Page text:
The color-enhanced image was taken on April 1 at 2:32 a.m. PST (5:32 a.m. EST), as Juno performed its twelfth close flyby of Jupiter. At the time the image was taken, the spacecraft was about 7,659 miles (12,326 kilometers) from the tops of the clouds of the planet at a northern latitude of 50.2 degrees.
For centuries, astronomers have been observing Jupiter swirling surface and been awed and mystified by its appearance. The mystery only deepened when, in 1995, the Galileo spacecraftreached Jupiter and began studying its atmosphere in depth. Since that time, astronomers have puzzled over its colored bands and wondered if they are just surface phenomenon, or something that goes deeper.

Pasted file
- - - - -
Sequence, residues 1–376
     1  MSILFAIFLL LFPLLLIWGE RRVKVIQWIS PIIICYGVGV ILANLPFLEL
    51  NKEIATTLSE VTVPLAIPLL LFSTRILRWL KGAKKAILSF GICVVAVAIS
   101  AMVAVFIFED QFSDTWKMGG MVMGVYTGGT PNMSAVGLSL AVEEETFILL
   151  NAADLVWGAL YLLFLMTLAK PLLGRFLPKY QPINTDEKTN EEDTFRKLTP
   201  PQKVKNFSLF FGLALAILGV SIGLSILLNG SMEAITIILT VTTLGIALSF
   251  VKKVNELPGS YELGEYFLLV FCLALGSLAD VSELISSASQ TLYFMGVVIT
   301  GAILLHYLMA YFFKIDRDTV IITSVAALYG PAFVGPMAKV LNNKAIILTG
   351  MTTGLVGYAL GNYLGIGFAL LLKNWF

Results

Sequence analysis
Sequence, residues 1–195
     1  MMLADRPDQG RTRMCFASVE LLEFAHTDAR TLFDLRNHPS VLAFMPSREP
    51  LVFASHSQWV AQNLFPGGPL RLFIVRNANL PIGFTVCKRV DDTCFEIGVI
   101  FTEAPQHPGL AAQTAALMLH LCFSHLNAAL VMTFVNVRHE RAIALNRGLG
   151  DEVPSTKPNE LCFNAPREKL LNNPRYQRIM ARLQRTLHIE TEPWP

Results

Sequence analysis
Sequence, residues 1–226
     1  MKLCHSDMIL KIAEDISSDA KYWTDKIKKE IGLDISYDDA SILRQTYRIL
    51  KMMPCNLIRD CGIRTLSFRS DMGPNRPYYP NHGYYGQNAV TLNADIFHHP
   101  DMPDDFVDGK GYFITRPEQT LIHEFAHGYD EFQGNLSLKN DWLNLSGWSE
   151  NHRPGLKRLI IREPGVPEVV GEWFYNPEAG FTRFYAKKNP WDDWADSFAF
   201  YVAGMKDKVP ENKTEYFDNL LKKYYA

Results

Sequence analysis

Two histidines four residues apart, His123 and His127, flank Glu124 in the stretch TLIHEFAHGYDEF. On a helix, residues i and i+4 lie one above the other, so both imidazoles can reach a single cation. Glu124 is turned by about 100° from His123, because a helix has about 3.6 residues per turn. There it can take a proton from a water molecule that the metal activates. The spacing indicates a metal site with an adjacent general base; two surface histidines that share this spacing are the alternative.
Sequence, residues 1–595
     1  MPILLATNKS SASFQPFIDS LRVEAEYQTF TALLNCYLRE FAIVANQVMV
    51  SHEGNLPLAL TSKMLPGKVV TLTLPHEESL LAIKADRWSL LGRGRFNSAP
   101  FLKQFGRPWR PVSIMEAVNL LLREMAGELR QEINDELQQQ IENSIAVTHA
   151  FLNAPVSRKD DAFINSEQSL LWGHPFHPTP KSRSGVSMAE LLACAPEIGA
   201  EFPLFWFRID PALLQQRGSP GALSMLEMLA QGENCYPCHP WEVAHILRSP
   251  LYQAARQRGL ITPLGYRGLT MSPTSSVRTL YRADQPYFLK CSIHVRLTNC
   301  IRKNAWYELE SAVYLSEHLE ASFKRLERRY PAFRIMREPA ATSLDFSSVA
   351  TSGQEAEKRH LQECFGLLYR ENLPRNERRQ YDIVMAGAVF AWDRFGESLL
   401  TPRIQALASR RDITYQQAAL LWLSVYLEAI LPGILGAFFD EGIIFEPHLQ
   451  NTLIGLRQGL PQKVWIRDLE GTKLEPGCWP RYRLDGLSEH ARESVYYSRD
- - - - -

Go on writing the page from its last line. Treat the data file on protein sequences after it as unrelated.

There is an “energy crisis” on Jupiter. At 800K (527ºC), its upper atmosphere is 600 degrees hotter than expected – a phenomenon also seen on the other giant planets in our solar system. And to make the matter even more perplexing, researchers have now discovered that the region of the atmosphere above Jupiter’s Great Red Spot, a giant storm system, is hundreds of degrees hotter than anywhere else on the planet.
Astronomers are using the NASA/ESA Hubble Space Telescope to study auroras — stunning light shows in a planet’s atmosphere — on the poles of the largest planet in the Solar System, Jupiter. This observation programme is supported by measurements made by NASA’s Juno spacecraft, currently on its way to Jupiter.